By Alex Kozora
The success of the Pittsburgh Steelers wasn’t always a constant. There was a long period of time, from their inaugural 1933 season until Chuck Noll’s arrival, where the team from Pittsburgh were at worst, an utter laughingstock and at best, loveable losers.
Even during this gloomy era, there were still important figures. So for better or worse, the introduction of a new series looking back at players and coaches from 1933-1968. Some articles will be short briefs, others with more to tell. The one thing in common? They all make up the stories we have today.
Paul Moss – 1933
In 2013, the NFL collectively threw the ball over 4200 times more than they ran it. It’s a passing league, the best defense is a good offense, add your own tired cliche here.
How times have changed. In the infancy of the league, passing was an afterthought. It’s likely unfit praise to charge Paul Moss for revolutionizing the passing game, but he certainly was a pioneer in its beginning stages. For one year, the Pittsburgh Steelers – and the NFL – got to witness that.
Not much has changed in the town Moss was born in, Seelyville, Indiana. Its population sure hasn’t. Since 1910 when census records were first kept, the population has never surpassed 1400, never dipped below 800. It’s a quiet town, always has been, always will be. The Holy Rosary Church opened its doors for 104 years before its last service in 2012. There’s a small volunteer fire department. It has one stoplight. A building built in 1906 now houses a discount computer warehouse. It has character. It has history.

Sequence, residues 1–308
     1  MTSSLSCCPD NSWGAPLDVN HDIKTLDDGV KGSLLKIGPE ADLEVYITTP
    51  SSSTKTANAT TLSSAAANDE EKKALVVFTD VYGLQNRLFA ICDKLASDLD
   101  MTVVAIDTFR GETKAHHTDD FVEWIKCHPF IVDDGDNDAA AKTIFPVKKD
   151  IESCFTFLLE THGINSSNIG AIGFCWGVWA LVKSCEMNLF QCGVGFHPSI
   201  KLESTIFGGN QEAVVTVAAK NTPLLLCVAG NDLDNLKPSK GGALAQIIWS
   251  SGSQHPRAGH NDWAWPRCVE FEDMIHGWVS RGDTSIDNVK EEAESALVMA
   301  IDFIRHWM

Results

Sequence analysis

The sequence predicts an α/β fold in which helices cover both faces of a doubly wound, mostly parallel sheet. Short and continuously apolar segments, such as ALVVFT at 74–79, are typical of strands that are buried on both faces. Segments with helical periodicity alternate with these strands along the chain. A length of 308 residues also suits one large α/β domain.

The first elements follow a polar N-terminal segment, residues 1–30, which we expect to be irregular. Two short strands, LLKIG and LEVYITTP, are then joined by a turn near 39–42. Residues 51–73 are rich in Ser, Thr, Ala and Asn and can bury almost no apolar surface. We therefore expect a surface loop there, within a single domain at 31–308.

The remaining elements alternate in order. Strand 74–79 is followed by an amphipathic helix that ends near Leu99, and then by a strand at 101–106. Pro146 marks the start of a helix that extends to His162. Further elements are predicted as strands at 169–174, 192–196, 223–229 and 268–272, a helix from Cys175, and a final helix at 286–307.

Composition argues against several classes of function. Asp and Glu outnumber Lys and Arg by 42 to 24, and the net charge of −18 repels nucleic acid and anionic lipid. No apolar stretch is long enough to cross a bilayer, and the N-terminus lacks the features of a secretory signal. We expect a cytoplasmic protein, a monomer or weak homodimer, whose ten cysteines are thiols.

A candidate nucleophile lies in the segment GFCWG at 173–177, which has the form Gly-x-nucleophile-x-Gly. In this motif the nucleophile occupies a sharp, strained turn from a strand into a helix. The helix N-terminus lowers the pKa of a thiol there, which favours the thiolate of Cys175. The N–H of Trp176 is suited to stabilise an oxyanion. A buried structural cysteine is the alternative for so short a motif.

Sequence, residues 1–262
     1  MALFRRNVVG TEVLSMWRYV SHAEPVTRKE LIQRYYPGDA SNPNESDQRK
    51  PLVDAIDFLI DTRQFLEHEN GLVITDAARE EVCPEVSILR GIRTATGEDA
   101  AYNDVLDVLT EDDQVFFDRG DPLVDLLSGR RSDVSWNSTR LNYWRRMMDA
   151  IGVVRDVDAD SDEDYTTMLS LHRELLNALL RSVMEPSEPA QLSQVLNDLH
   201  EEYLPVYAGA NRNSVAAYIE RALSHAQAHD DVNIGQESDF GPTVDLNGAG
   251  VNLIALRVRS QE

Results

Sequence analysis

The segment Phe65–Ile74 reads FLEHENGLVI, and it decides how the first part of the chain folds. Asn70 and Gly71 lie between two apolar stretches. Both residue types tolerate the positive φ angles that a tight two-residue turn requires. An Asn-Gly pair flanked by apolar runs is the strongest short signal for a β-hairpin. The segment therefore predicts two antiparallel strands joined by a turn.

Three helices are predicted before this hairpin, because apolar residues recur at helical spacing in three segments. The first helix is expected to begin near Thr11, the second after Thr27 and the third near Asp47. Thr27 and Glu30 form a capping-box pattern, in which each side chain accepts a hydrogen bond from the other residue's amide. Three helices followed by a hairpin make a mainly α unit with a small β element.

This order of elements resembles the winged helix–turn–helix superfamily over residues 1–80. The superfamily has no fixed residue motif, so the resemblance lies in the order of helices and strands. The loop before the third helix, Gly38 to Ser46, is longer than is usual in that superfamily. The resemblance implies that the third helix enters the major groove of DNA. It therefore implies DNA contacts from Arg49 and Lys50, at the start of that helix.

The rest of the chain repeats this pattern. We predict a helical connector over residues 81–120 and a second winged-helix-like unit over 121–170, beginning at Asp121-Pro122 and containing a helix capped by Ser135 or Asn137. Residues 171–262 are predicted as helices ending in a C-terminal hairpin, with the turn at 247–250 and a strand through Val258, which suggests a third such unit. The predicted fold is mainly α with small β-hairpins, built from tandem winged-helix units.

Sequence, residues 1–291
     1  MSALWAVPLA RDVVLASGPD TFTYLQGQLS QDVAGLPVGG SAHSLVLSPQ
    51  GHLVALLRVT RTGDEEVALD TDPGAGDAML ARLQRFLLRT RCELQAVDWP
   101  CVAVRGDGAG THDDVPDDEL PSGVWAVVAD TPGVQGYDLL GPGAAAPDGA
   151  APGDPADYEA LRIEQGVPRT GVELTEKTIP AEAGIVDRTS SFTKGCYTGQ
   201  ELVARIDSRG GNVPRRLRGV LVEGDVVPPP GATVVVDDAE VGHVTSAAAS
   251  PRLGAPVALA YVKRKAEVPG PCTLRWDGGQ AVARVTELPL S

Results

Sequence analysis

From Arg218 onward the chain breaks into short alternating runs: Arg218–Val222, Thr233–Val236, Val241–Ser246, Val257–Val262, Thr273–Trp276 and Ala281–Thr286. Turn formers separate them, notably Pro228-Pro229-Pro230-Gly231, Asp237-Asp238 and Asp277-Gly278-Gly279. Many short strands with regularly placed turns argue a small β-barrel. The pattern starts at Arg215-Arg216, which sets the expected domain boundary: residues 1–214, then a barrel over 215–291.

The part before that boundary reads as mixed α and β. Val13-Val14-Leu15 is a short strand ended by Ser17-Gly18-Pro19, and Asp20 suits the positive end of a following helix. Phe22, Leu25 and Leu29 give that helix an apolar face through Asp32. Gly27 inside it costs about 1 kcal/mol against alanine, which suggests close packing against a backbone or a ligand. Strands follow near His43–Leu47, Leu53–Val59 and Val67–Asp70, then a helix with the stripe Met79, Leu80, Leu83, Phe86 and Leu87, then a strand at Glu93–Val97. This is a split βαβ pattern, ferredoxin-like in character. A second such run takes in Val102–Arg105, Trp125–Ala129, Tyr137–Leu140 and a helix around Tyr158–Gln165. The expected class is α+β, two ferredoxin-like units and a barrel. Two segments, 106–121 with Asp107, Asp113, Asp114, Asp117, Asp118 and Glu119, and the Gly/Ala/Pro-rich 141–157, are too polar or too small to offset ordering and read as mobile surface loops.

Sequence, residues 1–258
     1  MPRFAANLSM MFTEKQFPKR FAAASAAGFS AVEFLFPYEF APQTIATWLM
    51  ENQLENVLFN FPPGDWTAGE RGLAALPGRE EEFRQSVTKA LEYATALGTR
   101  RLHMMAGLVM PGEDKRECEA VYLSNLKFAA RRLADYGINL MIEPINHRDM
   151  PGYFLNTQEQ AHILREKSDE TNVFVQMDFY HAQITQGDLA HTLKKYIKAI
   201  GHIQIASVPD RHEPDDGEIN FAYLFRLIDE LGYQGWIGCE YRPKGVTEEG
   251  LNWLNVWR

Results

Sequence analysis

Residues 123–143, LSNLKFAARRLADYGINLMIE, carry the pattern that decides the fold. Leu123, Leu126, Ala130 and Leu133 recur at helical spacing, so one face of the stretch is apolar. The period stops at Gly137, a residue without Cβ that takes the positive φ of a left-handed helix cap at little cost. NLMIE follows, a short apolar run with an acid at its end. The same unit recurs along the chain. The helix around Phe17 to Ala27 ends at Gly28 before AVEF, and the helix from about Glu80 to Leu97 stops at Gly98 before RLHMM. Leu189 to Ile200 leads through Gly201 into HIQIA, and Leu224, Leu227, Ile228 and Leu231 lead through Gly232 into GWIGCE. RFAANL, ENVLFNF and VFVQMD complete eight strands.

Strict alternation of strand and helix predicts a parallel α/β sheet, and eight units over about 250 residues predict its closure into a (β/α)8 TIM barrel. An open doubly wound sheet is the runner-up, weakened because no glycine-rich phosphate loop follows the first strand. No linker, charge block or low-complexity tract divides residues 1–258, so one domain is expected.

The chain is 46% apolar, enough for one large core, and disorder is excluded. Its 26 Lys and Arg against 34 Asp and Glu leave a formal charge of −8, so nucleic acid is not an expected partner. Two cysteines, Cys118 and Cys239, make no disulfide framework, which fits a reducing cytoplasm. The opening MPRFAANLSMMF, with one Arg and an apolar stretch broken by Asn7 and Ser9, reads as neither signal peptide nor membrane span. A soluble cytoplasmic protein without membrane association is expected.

But alas, small towns don’t always make for big stars. The city of Terre Haute is three miles away, down Route 40, Vigo County. It’s big, always has been, always will be. Over 36,000 lived there in 1900. Today, 60,000 plus call it home. In Vigo County, it’s where you go to school and today, two schools stand. Terre Haute North and South. But they haven’t existed for 100+ years like the places in Seelyville. Terre Haute began in the fall of 1971, a product of two schools consolidating.
Gerstmeyer Technical High School was one of the two that folded under the idea a bigger school is a better one. This is where Moss could call himself an alumni. He was one of the first graduating classes from Gerstmeyer, built in 1922 and named after Dr. Charles F. Gerstmeyer, who led the charge to create a vocational school in Terre Haute. Moss graduated in 1927, near the peak of the Roaring Twenties. A time when inventions were abundant and life was prosperous.